Breva 750 front end.

Have been out on my recently acquired Breva today and been getting to know it. I believe all to be well, as in I believe the bike may be behaving as well as it was designed to. That said I am a little disappointed with the front end when pressed. Braking in a straight line I seem to be able to use all the available travel even in the wet. On sweeping corners cranked over it seens to try and shake it’s head and also in slower corners properly cranked over on shell grip.Is there a common upgrade like “progressive springs” that folk are using? I can’t believe I am the first to put a Breva through its’ paces and find it flexing a little too much.

sounds like a fork brace might help too…

There is a brace under the mudguard.
Check your wheel bearings, they are fittted dry at the factory.

Also check the head bearings. A friend was having problems with her’s like you describe and when the head bearing were looked at Luigi had forgotten his grease brush the day is had been built.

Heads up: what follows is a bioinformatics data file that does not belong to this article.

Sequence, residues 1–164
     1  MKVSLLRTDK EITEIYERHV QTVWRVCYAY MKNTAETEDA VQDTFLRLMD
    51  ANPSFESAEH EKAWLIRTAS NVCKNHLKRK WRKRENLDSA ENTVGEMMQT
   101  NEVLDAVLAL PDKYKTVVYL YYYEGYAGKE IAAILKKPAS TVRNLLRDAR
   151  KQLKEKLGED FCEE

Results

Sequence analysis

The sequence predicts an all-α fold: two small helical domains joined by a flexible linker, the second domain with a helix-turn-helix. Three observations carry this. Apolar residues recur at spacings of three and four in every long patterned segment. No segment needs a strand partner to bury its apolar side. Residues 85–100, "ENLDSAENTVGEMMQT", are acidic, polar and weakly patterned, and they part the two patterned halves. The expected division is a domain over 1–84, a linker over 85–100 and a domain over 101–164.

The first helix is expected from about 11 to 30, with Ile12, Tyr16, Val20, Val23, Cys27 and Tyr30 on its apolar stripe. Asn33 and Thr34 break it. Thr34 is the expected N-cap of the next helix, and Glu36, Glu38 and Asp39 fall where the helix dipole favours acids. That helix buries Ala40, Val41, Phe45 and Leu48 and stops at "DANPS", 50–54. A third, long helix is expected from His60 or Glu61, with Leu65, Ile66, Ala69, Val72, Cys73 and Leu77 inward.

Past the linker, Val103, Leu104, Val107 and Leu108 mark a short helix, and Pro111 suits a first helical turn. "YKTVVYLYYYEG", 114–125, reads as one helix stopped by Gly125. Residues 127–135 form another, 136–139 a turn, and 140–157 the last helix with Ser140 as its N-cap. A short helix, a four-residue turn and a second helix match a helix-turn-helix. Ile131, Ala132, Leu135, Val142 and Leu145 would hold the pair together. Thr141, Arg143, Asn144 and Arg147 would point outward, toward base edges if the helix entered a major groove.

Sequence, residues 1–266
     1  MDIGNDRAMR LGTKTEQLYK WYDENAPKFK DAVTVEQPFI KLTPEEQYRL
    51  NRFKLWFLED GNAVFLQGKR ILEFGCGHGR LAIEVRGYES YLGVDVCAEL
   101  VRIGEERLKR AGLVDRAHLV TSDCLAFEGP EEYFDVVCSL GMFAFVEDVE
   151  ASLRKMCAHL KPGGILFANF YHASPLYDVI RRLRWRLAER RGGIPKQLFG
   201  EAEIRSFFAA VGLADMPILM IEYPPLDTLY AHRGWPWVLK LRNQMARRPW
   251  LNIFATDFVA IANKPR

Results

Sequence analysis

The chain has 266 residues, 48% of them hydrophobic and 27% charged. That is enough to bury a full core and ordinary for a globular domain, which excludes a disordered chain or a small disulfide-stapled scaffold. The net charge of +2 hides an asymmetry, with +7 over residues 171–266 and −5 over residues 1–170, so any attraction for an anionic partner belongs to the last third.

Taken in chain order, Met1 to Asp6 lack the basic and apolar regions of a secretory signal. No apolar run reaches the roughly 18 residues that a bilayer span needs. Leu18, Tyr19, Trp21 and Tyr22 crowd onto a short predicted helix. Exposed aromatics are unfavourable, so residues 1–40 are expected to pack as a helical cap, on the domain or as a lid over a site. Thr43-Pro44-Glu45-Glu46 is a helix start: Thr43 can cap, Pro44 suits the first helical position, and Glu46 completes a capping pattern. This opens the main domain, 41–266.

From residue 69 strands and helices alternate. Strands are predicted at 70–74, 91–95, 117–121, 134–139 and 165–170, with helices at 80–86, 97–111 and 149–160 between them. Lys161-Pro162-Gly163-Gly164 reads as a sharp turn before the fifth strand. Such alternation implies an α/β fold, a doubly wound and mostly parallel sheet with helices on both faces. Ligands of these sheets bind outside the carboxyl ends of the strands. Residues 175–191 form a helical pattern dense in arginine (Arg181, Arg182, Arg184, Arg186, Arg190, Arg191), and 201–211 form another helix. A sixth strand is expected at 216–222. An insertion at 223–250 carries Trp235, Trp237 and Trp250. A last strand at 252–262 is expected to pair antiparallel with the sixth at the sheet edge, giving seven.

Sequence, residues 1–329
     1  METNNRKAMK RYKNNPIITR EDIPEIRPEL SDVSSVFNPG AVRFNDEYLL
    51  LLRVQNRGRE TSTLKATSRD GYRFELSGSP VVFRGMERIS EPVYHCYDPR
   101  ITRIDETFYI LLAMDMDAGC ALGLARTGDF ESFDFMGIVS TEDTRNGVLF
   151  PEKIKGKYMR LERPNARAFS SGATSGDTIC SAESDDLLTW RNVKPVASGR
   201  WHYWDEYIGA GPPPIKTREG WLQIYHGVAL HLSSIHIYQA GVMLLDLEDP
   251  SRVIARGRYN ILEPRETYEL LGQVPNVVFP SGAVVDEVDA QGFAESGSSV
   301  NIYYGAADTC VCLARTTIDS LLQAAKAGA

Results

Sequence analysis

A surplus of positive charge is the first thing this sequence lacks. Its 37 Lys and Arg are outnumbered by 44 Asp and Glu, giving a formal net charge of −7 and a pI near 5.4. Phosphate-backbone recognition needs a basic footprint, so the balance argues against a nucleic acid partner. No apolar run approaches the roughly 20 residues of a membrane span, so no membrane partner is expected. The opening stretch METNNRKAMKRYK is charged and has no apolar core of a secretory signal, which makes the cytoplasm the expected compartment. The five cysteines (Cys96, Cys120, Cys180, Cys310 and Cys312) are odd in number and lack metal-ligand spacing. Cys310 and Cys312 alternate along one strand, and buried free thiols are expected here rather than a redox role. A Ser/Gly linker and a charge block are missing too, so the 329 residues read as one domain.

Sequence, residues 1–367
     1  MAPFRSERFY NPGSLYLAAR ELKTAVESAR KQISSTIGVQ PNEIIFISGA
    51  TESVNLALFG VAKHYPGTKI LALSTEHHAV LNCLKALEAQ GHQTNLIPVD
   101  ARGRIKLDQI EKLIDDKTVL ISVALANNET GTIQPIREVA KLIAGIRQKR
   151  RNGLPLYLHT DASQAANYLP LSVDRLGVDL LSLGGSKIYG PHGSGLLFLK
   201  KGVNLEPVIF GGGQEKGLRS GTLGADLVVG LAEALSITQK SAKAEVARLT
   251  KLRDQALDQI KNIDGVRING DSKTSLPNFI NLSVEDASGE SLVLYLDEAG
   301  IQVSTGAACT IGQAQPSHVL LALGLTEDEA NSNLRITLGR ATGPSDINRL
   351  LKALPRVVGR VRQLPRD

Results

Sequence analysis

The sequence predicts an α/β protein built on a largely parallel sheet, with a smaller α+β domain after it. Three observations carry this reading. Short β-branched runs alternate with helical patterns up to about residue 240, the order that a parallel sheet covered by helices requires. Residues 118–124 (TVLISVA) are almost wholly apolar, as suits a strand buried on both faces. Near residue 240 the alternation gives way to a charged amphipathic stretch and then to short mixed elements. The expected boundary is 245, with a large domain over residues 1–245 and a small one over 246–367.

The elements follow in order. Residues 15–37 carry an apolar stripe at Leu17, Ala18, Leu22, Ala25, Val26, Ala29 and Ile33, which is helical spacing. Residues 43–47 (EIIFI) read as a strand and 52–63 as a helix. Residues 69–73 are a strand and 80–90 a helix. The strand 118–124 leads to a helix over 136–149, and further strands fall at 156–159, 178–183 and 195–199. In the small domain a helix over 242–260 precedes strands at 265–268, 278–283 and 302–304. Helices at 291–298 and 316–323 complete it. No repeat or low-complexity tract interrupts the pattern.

Mine would give head shakes at about 30 to 40 sometimes. Never got to the bottom of it. May have been the tyres and road surface combination.

It is not bearings. I checked all them before I bought it.
I am confident the bike is performing to spec.
I just get the feeling I am riding on the limit of the spec and want to improve things a little.

No you are not.
As already mentioned check all your bearings. My MOT man said they were on the way out and a warning. I had checked them to be fine. They were shot.
Much improved handling and 5mpg better when changed.

Interesting. I’m surprised how the ride (general rather than suspension) on mine changes over 60ish. Better now I’ve taken the screen off, but still not quite what I expected. Motorway riding is very tiring.

Thanks for the tips on the bearings guys. However this sympton will not be caused by a tired bearing. This is a springing issue.

If I can bury the stanchions into the sliders up to the lower yoke in the wet on a smooth surface . . . . .

The front brake and tyre are both capable of much more than the fork springs will allow. Fork oil may slow the dive down, but on prolonged braking bottoming will still occur.